Keywords: women, mobility, education, public life, development NGOs, women's mobility, women in Bangladesh

Topics: Economies, Poverty, Education, Gender, Gendered Power Relations, Patriarchy, Gender Equality/Inequality, Households, Livelihoods, NGOs Regions: Asia, South Asia Countries: Bangladesh

Year: 2020

Improving Maternal Health Care in a Post Conflict Setting: Evidence from Chittagong Hill Tracts of Bangladesh


Badiuzzaman, Muhammad, Syed Mansoob Murshed, and Matthias Rieger. 2018. "Improving Maternal Health Care in a Post Conflict Setting: Evidence from Chittagong Hill Tracts of Bangladesh." The Journal of Development Studies 56 (2): 384-400. 

Authors: Muhammad Badiuzzaman, Syed Mansoob Murshed, Matthias Rieger


We evaluate a development programme with an important maternal health care component in the Chittagong Hill Tracts of Bangladesh. The region and its mostly indigenous people experienced violent conflict in the past and face a constant risk of recurring conflict. Given this fragile setting, our work differs from conventional impact evaluations by incorporating two conflict indicators: the household’s actual experience of violence and fears of future violence. We find that the intervention undertaken by the United Nations Development Programme (UNDP) succeeded in boosting maternal health care utilisation: antenatal care (ANC) check-ups rose by 18 percentage points, while deliveries at health facilities increased by 23 percentage points. However, household experiences of violent conflict and perceptions of insecurity dampen maternal health care utilisation. Impacts on ANC check-ups are concentrated among households without experience of conflict (19 percentage points compared to 4 percentage points among households with such experience). And households without fears of violence see relatively larger impacts on deliveries at a health facility (37 percentage points compared to 11 percentage points). The programme is successful in raising maternal health care utilisation but its effectiveness has been constrained by the violence experienced and perceived by households.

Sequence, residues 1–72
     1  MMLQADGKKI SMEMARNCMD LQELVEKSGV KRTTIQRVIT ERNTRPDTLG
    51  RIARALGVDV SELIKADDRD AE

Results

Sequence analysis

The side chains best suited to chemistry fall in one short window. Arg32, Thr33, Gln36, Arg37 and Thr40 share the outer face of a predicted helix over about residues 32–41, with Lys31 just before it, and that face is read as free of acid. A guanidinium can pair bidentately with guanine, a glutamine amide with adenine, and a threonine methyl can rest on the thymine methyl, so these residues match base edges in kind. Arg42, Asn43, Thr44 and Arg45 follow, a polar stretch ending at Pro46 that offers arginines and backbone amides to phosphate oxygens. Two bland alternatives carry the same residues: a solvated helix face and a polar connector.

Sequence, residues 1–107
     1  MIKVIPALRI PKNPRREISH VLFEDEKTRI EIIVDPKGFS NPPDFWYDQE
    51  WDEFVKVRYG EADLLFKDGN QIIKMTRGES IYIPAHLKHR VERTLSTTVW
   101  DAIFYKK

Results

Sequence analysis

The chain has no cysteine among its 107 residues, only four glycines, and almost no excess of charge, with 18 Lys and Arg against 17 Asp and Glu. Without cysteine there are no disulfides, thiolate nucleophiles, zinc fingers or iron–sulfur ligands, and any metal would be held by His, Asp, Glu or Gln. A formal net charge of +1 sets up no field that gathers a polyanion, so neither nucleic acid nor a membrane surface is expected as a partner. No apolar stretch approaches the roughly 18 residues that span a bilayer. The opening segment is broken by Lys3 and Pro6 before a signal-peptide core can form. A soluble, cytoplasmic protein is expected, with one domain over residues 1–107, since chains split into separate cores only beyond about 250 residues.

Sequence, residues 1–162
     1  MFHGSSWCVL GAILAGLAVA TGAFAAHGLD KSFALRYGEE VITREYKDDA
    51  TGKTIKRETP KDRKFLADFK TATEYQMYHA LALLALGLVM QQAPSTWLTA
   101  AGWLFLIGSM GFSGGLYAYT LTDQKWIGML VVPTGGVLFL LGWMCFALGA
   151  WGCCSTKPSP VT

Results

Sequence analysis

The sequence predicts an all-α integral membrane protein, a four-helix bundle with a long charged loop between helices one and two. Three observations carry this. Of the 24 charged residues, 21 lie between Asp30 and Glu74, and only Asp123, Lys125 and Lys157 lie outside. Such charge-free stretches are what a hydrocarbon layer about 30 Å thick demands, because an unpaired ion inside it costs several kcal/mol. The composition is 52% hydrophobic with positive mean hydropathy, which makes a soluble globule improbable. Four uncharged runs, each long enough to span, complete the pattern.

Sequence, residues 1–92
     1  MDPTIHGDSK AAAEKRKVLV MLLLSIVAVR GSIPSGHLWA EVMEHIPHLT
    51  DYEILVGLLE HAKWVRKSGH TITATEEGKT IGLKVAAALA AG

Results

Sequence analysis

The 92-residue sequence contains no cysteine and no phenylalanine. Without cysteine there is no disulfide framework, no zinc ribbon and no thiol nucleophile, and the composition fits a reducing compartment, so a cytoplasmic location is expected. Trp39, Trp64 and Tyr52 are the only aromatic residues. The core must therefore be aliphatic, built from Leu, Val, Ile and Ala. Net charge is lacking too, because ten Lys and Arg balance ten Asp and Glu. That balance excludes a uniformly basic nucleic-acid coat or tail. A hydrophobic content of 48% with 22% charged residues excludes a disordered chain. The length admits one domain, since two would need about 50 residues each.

Topics: Conflict, Health, Reproductive Health, Households, Humanitarian Assistance, Indigenous, Post-Conflict, Violence Regions: Asia, South Asia Countries: Bangladesh

Year: 2018

Gender, Agriculture and Agrarian Transformations: Changing Relations in Africa, Latin America and Asia


Sachs, Carolyn E., ed. 2019. Gender, Agriculture and Agrarian Transformations: Changing Relations in Africa, Latin America and Asia. Abingdon: Routledge.

Author: Carolyn E. Sachs


This book presents research from across the globe on how gender relationships in agriculture are changing.
In many regions of the world, agricultural transformations are occurring through increased commodification, new value-chains, technological innovations introduced by CGIAR and other development interventions, declining viability of small-holder agriculture livelihoods, male out-migration from rural areas, and climate change. This book addresses how these changes involve fluctuations in gendered labour and decision making on farms and in agriculture and, in many places, have resulted in the feminization of agriculture at a time of unprecedented climate change. Chapters uncover both how women successfully innovate and how they remain disadvantaged when compared to men in terms of access to land, labor, capital and markets that would enable them to succeed in agriculture. Building on case studies from Africa, Latin America and Asia, the book interrogates how new agricultural innovations from agricultural research, new technologies and value chains reshape gender relations.